Fundamentally, I have nothing against this. Any way we can present music from the distant past in a way which is going to make the presentation of the ideas more vivid for someone coming to see the piece for the first time: that gets a big gold star in my book! That a wonderful way of helping and reinterpreting the music of the past.
I think that it comes with the acknowledgement that I’m not quite sure what Bach would have made of it. But at the same time – this is the 21st century and we face different challenges. As long as the integrity of the music survives then I’m really interested and excited by all sorts of approaches to the music.
The Lute Part III
By the middle of the 16th century, professional lutenists led by virtuosi such as Francesco da Milano had established the lute, and more importantly secular instrumental music, as a deep, abiding, and richly developed component of Western culture. The impact the early lutenists made on both their contemporaries and on the generations that followed influenced the course and development of our musical traditions in ways that are still felt today.
How did the lute rise from a little-known cultural import to become the defining instrument and symbol of music in Renaissance Europe – including its elevation to preeminent stature as the instrument of princes?
“I just adore it.” says Roger Wiesmeyer, speaking of Mozart’s Piano Concerto No. 24 in C minor, K. 491. “I’ve never played it on piano before. I’ve sat in the orchestra for performances of this concerto three or four times and every time it just completely captures my imagination, for at least the week after – I’ll have at least two weeks of living with it and thinking about it all the time. There is this incredible mood that Mozart casts with this piece.”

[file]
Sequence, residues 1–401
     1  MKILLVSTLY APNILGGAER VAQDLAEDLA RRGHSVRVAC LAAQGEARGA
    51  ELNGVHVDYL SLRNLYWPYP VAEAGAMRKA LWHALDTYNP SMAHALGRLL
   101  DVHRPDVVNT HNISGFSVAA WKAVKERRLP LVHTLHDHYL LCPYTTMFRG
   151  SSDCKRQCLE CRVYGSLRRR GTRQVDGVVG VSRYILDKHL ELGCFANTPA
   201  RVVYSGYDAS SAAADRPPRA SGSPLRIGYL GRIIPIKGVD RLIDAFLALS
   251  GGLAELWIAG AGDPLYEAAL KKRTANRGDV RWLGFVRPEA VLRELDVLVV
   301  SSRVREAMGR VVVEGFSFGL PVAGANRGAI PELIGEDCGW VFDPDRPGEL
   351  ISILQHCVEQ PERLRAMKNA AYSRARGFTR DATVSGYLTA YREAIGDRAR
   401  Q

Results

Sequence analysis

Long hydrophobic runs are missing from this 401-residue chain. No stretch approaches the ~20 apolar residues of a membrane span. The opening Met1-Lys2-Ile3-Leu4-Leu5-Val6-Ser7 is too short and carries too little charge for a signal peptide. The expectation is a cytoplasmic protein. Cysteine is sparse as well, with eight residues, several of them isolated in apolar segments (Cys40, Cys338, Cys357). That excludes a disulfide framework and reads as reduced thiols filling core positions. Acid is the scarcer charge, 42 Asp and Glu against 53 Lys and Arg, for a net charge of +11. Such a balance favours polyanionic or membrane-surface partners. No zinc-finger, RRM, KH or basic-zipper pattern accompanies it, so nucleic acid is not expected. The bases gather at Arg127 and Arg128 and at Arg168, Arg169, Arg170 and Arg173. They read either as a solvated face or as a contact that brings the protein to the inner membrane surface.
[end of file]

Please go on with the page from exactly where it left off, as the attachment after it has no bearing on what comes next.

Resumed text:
A few days ago Roger and I sat down after a rehearsal to talk about this piece, which we will be collaborating together to perform this week. Roger will be performing the solo piano part – the part originally played by Amadeus himself – and I am playing a reduction of the orchestra’s part on second piano for the first and third movements. The second movement – a slow Larghetto – will be performed by Roger joined by Nashville Symphony musicians Kate Ladner, flute; Jeremy Williams, violin; and Keith Nicholas, cello in a quartet arrangement by Johann Nepomunk Hummel, an Austrian composer and pianist who was a contemporary of Beethoven.
Music Education and the Whole Child
This weekend I attended a chamber music recital presented by a small local community music school. Roughly twenty students from middle and high school presented an hour of short pieces for small ensembles: music for woodwinds and strings, with a couple of pieces featuring voice as well. The students represented a wide range of experience, accomplishment, and commitment; some of these children will go on to study music in college and perhaps even pursue professional careers as performers or educators, while others will likely put their instruments away for good by the time they graduate from high school.
Regardless of the differences in commitment for the students and their families – to say nothing of the teachers – all of them clearly regard music as an important part of their lives. Parents make it possible for their children to attend weekly lessons and regular ensemble rehearsals, have the instruments and other materials they need, and the students must exert consistent effort over a long period of time (years) to learn how to play their instruments and develop at least enough acumen that they derive satisfaction from the process.
Why do they do it?